Electron Configuration Basics

EC1What is Electron Configuration?

Think of it as an address for each electron within an atom. Just as a stadium has seating chart, separating various sections, so does an atom.

EC2A ticket will help identify the section, row, and seat that of each spectator, specifically. Imagine finding your seat without your ticket!

Electrons are distributed throughout sections of atom much like seats in a stadium and the electron configuration acts as the ticket, giving directions to find a specific electron’s atomic address using the periodic table as the seating chart.

The first value is the principle quantum number, n, which indicates the row on the periodic table.

The second value, the angular momentum quantum number, l, indicates the section of the periodic table where the electron is located (s, p, d, f).

Lastly, the exponent, or number of electrons spins, the magnetic spin quantum number, ms, will indicate how many blocks across that section to count in order to reach the destination electron.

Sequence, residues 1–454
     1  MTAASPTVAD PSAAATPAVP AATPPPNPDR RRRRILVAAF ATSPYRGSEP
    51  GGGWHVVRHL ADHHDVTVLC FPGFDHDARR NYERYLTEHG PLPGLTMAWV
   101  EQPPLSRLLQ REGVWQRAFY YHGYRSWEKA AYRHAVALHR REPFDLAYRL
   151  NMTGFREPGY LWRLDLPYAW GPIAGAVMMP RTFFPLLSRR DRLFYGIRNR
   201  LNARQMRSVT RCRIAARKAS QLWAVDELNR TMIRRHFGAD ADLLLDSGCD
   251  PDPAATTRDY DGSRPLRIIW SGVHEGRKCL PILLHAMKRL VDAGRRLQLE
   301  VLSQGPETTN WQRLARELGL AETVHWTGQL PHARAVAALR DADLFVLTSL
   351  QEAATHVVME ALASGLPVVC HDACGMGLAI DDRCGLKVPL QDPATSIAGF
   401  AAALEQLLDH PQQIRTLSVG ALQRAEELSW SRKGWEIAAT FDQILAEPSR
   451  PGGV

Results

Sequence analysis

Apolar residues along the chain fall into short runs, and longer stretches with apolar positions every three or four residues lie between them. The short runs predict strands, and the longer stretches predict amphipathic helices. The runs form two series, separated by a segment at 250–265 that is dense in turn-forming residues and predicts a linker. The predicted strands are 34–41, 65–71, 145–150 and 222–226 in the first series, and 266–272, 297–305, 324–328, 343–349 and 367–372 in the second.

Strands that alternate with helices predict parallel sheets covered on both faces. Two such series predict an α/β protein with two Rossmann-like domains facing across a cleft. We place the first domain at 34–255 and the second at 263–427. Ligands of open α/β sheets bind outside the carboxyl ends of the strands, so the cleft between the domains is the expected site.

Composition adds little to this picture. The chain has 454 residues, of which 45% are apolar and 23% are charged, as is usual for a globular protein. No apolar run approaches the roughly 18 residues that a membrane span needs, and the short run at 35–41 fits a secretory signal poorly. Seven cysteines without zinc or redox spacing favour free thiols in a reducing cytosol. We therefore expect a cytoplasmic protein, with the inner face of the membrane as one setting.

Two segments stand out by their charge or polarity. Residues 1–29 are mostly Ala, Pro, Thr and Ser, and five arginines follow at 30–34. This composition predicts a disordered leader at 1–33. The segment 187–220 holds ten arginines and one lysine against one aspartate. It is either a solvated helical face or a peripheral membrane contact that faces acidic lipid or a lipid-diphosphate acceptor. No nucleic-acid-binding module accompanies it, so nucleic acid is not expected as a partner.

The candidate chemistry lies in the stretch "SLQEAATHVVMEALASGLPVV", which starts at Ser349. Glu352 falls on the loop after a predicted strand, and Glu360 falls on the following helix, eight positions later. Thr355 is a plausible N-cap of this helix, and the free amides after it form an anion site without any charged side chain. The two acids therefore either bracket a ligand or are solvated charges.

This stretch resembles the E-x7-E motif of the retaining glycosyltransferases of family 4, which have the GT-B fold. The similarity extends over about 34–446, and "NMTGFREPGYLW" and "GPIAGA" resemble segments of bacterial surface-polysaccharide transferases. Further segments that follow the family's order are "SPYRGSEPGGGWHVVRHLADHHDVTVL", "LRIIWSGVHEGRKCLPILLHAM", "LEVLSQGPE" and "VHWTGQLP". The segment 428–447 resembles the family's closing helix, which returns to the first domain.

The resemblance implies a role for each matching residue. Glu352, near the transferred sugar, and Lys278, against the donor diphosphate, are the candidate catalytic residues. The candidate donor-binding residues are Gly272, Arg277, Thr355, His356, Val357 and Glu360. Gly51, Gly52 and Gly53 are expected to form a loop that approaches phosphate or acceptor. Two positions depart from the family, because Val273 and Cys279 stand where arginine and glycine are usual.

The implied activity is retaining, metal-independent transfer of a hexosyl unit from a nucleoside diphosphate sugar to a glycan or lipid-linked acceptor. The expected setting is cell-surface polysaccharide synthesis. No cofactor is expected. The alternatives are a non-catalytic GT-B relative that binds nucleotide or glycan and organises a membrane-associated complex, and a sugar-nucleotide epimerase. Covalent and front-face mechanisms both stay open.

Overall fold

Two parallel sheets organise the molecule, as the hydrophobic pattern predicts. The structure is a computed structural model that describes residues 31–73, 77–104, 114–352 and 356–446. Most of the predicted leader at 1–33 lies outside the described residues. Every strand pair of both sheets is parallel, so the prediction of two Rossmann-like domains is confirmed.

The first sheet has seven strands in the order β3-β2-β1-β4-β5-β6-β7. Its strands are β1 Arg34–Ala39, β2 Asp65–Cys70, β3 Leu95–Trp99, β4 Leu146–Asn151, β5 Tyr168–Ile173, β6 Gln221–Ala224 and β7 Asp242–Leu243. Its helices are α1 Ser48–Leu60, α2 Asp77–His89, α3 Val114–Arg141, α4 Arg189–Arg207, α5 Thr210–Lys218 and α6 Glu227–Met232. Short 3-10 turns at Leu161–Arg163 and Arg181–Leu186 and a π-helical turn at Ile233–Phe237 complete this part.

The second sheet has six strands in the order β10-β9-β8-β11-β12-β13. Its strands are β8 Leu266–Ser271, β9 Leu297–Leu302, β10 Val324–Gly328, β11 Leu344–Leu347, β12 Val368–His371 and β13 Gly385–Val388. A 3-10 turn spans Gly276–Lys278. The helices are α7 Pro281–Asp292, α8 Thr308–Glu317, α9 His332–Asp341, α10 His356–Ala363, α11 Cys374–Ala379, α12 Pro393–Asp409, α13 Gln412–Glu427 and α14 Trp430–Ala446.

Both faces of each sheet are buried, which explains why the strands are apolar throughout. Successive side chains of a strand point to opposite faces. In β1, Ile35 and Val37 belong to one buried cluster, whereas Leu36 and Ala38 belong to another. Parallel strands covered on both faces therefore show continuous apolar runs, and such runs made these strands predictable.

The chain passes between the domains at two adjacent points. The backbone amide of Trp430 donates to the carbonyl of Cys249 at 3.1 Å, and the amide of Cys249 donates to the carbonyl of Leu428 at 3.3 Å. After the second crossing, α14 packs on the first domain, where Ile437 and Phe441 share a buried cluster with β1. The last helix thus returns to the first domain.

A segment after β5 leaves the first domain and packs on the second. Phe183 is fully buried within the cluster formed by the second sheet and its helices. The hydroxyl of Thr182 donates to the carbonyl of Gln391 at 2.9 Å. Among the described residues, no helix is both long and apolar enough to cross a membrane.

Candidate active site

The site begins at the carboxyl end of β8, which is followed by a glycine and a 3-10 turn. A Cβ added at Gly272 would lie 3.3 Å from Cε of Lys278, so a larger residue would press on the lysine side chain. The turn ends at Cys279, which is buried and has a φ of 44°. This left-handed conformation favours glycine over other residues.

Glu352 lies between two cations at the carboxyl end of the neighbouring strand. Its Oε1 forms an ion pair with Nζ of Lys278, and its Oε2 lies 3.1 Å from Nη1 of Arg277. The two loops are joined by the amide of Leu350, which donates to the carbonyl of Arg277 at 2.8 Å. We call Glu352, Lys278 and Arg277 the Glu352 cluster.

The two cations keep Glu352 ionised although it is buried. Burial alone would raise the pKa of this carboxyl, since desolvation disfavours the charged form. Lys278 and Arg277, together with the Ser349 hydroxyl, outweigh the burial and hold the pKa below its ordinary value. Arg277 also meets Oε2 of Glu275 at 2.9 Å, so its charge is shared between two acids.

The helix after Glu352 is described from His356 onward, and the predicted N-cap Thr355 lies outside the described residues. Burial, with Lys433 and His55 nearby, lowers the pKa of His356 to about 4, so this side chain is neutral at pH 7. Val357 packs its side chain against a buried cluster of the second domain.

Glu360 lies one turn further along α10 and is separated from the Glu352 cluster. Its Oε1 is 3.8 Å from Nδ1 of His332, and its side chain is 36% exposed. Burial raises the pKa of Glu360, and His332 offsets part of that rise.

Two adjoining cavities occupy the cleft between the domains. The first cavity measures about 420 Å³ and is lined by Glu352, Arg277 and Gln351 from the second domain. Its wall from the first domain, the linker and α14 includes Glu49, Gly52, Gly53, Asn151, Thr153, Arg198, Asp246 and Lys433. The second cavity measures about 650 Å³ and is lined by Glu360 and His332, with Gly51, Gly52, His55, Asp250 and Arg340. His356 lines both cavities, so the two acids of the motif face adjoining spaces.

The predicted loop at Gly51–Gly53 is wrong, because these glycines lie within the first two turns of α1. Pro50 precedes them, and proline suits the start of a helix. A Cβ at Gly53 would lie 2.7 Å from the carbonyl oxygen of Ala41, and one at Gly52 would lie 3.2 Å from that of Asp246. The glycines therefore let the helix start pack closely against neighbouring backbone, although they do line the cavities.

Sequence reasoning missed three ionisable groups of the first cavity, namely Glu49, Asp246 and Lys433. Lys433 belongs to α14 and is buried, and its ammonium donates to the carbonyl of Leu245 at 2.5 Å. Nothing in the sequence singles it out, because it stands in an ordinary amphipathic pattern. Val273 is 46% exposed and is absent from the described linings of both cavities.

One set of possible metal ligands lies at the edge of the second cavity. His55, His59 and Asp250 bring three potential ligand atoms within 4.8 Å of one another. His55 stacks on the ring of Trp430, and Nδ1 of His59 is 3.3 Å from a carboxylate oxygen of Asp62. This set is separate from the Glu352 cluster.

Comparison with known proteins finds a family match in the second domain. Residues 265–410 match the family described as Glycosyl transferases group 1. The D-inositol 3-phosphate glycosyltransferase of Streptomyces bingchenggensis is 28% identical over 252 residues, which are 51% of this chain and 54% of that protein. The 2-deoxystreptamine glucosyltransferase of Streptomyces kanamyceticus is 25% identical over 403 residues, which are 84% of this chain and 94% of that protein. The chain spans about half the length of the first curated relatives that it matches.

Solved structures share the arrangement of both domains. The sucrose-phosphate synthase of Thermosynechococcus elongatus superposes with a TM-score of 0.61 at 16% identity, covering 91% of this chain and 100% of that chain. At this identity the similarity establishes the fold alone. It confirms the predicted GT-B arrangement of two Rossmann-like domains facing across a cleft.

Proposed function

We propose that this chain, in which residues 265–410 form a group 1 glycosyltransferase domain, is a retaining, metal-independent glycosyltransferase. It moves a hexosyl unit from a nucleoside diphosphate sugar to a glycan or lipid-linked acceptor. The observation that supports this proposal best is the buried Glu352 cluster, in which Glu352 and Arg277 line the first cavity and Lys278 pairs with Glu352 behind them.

Knowing where electrons are located, specifically those in the valence shell, can give insight into the needs of the atom and predict its behavior.

Does the atom want to lose electrons or gain electrons? What will make the atom most stable?

The periodic table is divided into ROWS (1-7) and SECTIONS (s, p, d, and f) while the each ELEMENT block counts as 1 electron.

Note: For the “d” section, n is reduced by 1; for the “f” section, n is reduced by 2.

A Quick “How To” on Electron Configuration:

  1. At your starting point, first state the ROW # (1-7).
  2. Then state the SECTION you are in (s, p, d, f)
  3. Then state as an exponent how many SPACES you must move to reach the destination element.
  4. The final electron configuration will be written in the format:

spdftable1. Basic Electron Configuration:


2. Abbreviated Electron Configuration:

When electron configurations become too long and tedious, they are abbreviated using the symbol of the preceding Noble Gas in [ ] as the starting point and then counting off the remaining electron configuration.


3. Electron Configuration of Ions:

What about ions? They just gain or lose electrons so we adjust our exponents.

  • If there is a cation, it has LOST electrons.
  • If there is an anion, it has GAINED electrons.


Notice that both of these ions now have 18 electrons just like the Noble Gas, Argon.

Elements with the same # electrons or electron configurations are said to be isoelectronic.


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